The village is interesting but the lack of activity makes it far from gripping. Thankfully the journey was a real highlight. Nzulezo is on a lagoon in the Amansuri wetland, a large and beautiful area of swamp forest of some 8,000 hectares. We followed the Amansuri River through areas of marsh and open pools fringed by raffia palm thickets and lush jungle. The stillness and quiet was soothing and peaceful and the setting beautiful. The water, stained the colour of tea by decomposing leaves, added a reflective beauty.   
The peace of Nzulezo is in stark contrast to forts of Elmina and Cape Coast, which are stained by a more sinister and darker past, namely slavery.
The history of Elmina fort began in 1482. The Portuguese established the first European building in tropical Africa there on a promontory on the edge of the Atlantic. Trading with African partners, its wealth was generated from the hinterland - a land of gold and, later, slaves destined for hell in the ‘New World’. As our guide pointed out, slavery did exist before the arrival of the Europeans but with their coming the trade was taken to obscene levels in terms of numbers and cruelty.
Since independence, Ghanaians have used it as a school, a government office and a police training academy. And now, with its buildings restored, now open to the public and a key feature of Ghana's tourist industry. It has been many things to many people. And so it remains.
For Ghanaians, the forts - and the slave trade - are one aspect of their history. For me, a white, the fort is a depressing but salient reminder of the past. Details of life in the fort produced a shamble of emotions within me. We are shown, for example, "the door of no return", that narrow slit in a wall through which slaves were forced on to a waiting ship. I found it difficult to imagine what it must have been like spending up to three months in such inhuman conditions but I did think of how this dismal passage in history could have come to pass. The systematic raping of female slaves by governors was particularly disturbing.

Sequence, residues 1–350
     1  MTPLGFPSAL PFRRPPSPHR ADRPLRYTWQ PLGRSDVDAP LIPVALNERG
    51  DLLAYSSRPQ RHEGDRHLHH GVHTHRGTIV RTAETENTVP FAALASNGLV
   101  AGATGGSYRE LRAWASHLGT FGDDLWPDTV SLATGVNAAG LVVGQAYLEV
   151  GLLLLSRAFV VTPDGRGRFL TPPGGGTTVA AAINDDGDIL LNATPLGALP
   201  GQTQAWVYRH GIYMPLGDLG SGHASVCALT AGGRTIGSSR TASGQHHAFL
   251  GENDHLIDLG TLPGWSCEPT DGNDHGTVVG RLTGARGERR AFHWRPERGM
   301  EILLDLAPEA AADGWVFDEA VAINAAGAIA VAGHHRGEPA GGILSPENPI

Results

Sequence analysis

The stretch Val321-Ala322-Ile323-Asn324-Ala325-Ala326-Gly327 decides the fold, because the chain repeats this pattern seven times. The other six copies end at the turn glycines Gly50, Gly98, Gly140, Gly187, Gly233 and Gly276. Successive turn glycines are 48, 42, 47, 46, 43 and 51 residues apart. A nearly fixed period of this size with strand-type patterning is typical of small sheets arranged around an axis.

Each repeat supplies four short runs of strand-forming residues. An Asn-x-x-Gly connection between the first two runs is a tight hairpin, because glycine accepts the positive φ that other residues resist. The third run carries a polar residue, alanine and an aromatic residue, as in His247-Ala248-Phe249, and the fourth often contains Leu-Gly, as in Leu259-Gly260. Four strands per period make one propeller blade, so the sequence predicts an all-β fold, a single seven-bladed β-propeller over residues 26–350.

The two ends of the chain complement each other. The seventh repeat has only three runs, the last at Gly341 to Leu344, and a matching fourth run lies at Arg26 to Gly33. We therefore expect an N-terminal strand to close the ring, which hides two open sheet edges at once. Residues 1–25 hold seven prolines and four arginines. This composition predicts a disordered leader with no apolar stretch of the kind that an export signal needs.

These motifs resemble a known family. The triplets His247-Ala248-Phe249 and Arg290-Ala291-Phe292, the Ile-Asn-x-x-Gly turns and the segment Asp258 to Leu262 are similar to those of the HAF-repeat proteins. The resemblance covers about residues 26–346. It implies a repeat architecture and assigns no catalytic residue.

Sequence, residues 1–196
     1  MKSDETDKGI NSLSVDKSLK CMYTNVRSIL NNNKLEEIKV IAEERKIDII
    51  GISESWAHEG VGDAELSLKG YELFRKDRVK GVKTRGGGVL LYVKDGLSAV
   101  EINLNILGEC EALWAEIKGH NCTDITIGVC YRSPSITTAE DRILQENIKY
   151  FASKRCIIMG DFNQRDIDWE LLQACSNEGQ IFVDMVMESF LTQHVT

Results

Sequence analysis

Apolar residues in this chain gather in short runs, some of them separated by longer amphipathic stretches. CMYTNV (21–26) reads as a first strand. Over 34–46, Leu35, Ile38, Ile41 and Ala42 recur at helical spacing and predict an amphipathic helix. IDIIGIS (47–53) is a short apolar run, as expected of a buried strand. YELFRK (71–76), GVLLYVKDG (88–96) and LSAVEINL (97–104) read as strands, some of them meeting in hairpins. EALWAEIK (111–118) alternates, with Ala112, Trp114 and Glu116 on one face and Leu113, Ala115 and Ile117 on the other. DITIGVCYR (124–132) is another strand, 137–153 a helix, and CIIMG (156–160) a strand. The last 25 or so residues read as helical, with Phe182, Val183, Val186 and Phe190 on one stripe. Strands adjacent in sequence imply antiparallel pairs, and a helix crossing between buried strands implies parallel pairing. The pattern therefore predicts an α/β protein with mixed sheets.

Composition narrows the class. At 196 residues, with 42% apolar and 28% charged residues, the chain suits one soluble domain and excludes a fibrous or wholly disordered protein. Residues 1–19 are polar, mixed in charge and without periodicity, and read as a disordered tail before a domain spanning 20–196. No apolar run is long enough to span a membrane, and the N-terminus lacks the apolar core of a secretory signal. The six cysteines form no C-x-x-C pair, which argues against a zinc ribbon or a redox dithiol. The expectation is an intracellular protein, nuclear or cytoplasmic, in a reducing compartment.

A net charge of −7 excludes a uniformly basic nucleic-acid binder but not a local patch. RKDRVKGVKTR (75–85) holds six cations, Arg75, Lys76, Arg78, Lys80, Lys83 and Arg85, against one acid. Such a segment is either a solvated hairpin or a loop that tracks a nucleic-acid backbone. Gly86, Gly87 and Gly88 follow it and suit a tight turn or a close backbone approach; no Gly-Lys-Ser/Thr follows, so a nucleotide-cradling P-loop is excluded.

For African-Americans, the forts hold a particular intensity. For them, the forts are places of pilgrimage. And as such they bring wreaths and flowers to perform ceremonies of remembrance in the dungeons. They are there to reclaim their own history.
Ghana must balance such different needs and perceptions in displaying its forts to the world. Complete with souvenir shops and interpretive centres (like the good one at Cape Coast), they have become destinations competing with rainforests, festivals and markets for a slice of the tourist trade. At the same time, they must respect the needs of those for whom the forts are a spiritual home, the "gates of return". Five hundred years of entrepreneurial and moral tussle for control of the forts is clearly not over.
It would be wrong, an injustice to Ghana, to end on such a negative note. The small fishing port of Elmina exuded a charm that was at odds with its dark history. It was colourful and bright and the morning was full of expectancy as the fishing boats come back to port after a night out at sea. So too with Ghana.